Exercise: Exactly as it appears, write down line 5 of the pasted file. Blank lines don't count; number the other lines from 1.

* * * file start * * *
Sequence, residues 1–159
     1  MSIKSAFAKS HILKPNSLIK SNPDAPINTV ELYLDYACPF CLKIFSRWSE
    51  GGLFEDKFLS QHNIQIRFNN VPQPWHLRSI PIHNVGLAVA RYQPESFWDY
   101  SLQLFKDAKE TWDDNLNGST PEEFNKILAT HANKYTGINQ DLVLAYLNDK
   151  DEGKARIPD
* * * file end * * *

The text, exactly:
   151  DEGKARIPD